Notes from the field of public involvement

Monday, 13 March 2006

Commendation for King's?
(Best practice in comment cards)

Observations prompted by a recent visit to an outpatient clinic of King’s College Hospital in South East London.

I picked up the well-displayed leaflet from its position bang in the middle of the reception desk. The leaflet was visible. The people were not. Something was happening off-stage in the back room more important than manning the desk and booking in patients.

Lesson one with comment cards - great idea to display them prominently: even better idea to deliver the good service that inspires customers to fill them in.

There are issues with these cards - are the cards a reliable measure of the views of a representative sample of those using the service? Probably not but I don't think that is a reason not to use them. The cards symbolise a service commitment and the simple disciplines of prominent, tidy display and stock renewal are ways of building routines around customer focus so that good service becomes the norm and not the astonishing exception. The manipulation of the system with, for example, a lot of commendations from colleagues is also fine by me because it means at least some one is taking it seriously.

King's has spent a bit of money on the form from the PR print budget - designed with plenty of space and good use of pictures: full colour on glossy paper. Reply paid postage to allow completion at home. Good stuff.

A few caveats - glossy is not the best choice for self-completion forms - it is unpleasant to write on. But this is less important than the way the invitation to participate is written.

The form is written in the formal language of the internal management memo. The name of the scheme betrays a certain internal focus and formality - "King's Commendation". What are we talking about – the Victoria Cross? The form talks of 'nominations' and the cool rather clinical language goes on "Aware that it is all too easy to take such hard work and dedication for granted, the Trust has established a scheme.. etc" Hallo - Is there a person in there? What about a 'we' or a similar clue that people are thinking about people?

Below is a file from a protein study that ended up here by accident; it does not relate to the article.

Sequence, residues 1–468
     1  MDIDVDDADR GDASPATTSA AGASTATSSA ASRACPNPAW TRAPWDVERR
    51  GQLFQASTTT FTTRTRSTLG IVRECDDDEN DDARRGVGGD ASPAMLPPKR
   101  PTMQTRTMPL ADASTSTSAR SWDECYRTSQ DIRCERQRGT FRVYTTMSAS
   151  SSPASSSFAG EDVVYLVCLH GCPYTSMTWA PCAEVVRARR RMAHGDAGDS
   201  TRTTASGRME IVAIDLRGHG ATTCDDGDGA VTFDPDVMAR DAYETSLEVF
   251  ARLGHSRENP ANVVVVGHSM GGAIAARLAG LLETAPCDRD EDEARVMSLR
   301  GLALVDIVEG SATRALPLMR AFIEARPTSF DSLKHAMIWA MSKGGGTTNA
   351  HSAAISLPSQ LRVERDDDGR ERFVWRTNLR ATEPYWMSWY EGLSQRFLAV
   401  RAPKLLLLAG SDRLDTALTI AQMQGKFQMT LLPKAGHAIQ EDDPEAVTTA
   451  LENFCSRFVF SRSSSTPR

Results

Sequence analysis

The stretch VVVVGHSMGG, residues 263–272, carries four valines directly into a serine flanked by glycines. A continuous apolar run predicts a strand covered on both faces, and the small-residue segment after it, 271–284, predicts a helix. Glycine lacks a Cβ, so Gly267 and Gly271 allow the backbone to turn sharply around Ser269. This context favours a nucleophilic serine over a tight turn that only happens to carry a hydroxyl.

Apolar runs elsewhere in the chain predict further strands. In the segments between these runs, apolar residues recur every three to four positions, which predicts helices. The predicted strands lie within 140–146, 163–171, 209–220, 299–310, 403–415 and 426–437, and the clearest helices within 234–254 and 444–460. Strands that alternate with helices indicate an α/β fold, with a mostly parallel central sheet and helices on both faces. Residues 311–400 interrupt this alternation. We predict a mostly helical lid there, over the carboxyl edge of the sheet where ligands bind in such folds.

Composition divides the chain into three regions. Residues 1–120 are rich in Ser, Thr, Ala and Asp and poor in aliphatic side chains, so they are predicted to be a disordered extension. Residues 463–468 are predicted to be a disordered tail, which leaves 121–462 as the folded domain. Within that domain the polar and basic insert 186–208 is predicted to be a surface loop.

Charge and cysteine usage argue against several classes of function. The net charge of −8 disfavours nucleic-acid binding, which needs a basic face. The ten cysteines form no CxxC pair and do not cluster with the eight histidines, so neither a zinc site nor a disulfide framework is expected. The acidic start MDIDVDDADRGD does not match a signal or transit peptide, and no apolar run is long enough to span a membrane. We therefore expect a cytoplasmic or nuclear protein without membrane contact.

The funny thing is that you can also get a form from the website and here the vocabulary is totally different in style and tone from the leaflet.

Compare the copy for the introductory paragraph - first the website

"What is a King's commendation?

The heart of King's is about caring for patients. Doctors, nurses or midwives, professional, technical, administrative and ancillary staff, or volunteers, whatever their department and whatever their job - they are dedicated to giving patients the best possible health service they can."

Then the leaflet :

"King's College Hospital aims to provide excellent patient care. Doctors, nurses, midwives, therapists, technical staff, administrative staff, catering staff, porters, housekeepers and volunteers - whatever their department and whatever their job - are dedicated to giving patients and their carers the best possible service."

Which do you prefer? Why is the language in the leaflet so impersonal and 'official' compared to the web words?

Anyway this may be beside the point since that last posting on the website on the awards, who got them and why is dated 19 December 2003. Was this really the last time someone got an award?

The Moore Adamson Craig best practice advice for customer comment leaflets offers 10 guidelines:

  1. Language and design that encourage user participation
  2. Make user access easy - not just leaflet but website as well
  3. Consider handing them out or posting them out at specific moments in the service cycle - active distribution.
  4. Give options on completion - posting in to central address will avoid frontline staff binning negative comments
  5. Is the comment card system linked to customer response systems - does a very disappointed customer who fills in a card, hear back from you?
  6. Understand that staff will use them as much if not more than customers
  7. Feedback news regularly of the awards to staff and users
  8. Cash rewards are nice but not necessary - recognition is key.
  9. Once launched, keep it going with a review say every two years
  10. Integrate this particular customer feedback to other customer measures e.g surveys, complaint data etc.

What has your experience been of comment cards? Do you use them in your organisation? Do you ever fill them in yourself? Let us know if you believe in them or think they are rubbish.

Colin Adamson | Send feedback